Laparoscopic colectomy for colon adenocarcinoma: an 11-year retrospective review with 5-year survival rates

Original article

DOI: 10.1007/s00464-004-8921-y

Cite this article as:
Jacob, B.P. & Salky, B. Surg Endosc (2005) 19: 643. doi:10.1007/s00464-004-8921-y



Laparoscopic colectomy for the management of colon cancer remains a controversial therapeutic option, especially when the outcomes are compared with the historically accepted survival data and recurrence rates after open surgery. The purpose of this study was to evaluate the 5-year overall and disease-free survival rates after laparoscopic colon resection for invasive colon adenocarcinoma.


A total of 129 patients underwent consecutive laparoscopic colectomies for colon adenocarcinoma (between April 1992 and 2004 January) by a single surgeon at a single institution. Records were analyzed retrospectively and follow-up data was obtained. The Student t-test, Cox regression analysis, and Kaplan-Meier survival data were used for statistical analysis.


After patients with noninvasive disease on final pathology were excluded, the study population comprised 88 patients who underwent laparoscopic colectomies for invasive colon cancer with > 2 years of follow-up. Of these cases, 81 (93%) were amenable for complete follow-up at 11years (41 women and 40 men; mean age, 76 years). Mean follow-up was 61 months. There was one perioperative death (1.2%), and the overall postoperative morbidity rate was 13.6%. The average number of lymph nodes harvested was 10.1 (±6). There were no port site recurrences. The Kaplan-Meier survival data were as follows for 5-year overall survival and 5-year disease-free survival, respectively stage I (n = 34) 89% and 89%; stage II (n = 22), 65% and 59%; stage III (n = 19), 72% and 67%; stages I–III combined, (n = 75), 77% and 73%.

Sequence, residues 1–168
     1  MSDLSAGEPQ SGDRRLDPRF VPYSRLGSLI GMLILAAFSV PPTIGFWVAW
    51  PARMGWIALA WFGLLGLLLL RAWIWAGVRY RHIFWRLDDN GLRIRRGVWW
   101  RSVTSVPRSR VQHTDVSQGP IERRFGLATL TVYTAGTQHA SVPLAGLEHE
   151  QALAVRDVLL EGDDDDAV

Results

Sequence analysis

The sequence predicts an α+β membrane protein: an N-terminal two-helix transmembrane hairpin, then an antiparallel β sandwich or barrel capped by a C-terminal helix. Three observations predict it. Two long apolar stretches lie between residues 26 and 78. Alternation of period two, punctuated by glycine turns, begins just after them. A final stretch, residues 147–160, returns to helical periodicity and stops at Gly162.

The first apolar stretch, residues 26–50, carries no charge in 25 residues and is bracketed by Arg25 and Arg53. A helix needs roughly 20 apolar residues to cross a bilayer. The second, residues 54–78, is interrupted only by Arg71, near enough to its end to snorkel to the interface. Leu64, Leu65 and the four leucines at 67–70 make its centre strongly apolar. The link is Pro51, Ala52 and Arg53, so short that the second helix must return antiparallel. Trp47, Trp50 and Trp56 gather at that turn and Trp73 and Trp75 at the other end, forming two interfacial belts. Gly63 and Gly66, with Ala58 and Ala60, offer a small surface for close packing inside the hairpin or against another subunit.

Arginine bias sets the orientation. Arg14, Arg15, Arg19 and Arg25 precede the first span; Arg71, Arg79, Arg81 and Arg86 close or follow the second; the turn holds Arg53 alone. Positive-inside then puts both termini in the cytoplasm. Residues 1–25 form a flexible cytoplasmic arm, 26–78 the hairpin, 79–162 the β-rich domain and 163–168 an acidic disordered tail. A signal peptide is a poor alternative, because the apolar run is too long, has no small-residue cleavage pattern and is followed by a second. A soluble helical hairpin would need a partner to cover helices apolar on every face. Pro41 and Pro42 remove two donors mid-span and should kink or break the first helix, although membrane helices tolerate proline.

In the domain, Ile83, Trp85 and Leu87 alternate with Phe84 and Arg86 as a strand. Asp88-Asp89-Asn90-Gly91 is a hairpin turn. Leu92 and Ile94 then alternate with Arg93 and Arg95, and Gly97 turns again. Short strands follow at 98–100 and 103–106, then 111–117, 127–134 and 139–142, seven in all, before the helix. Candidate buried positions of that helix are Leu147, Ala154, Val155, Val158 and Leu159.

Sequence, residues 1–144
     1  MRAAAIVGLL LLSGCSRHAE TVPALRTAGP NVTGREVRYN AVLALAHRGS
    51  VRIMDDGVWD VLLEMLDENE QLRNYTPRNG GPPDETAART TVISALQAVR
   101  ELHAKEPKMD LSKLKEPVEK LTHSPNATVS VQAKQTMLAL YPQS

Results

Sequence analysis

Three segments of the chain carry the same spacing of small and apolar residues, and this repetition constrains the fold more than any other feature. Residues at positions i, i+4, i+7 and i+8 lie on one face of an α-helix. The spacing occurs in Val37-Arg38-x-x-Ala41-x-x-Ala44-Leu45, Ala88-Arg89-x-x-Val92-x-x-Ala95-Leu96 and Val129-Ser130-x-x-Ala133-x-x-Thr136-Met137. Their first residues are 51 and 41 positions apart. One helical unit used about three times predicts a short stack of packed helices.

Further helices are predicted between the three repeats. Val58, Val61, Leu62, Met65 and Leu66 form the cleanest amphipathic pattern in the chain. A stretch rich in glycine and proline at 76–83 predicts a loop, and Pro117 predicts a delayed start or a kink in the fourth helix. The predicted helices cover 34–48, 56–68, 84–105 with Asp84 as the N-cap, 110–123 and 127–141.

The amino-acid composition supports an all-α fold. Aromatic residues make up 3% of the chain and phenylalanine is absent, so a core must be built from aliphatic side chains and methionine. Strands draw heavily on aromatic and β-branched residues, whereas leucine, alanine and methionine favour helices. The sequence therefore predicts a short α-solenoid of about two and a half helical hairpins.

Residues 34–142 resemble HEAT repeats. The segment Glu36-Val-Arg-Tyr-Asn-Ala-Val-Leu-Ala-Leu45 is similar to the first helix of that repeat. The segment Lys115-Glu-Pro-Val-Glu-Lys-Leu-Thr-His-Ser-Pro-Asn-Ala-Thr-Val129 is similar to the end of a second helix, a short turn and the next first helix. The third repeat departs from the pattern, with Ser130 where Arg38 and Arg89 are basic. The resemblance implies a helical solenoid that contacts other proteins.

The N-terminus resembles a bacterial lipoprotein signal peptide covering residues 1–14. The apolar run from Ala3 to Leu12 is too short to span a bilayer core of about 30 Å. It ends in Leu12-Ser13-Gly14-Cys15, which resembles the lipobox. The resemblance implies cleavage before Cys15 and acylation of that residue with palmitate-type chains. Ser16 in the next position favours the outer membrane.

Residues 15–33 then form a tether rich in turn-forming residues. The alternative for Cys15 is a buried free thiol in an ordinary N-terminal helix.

For this specific cohort of patients undergoing curative laparoscopic colectomies for invasive colon adenocarcinoma, the mean follow-up was > 5 years. Overall survival and disease-free survival for stage I, II, and III colon cancer as well as for stages I–III combined are favorable and comparable to historically acceptable open colectomy survival rates. Overall survival and disease-free survival after laparoscopic colectomy for invasive colon cancer is no worse, and perhaps better than, the previously reported rates for the same procedure done by an open technique.



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© Springer-Verlag 2005

Authors and Affiliations

  1. 1.Department of Laparoscopic SurgeryMount Sinai School of MedicineNew YorkUSA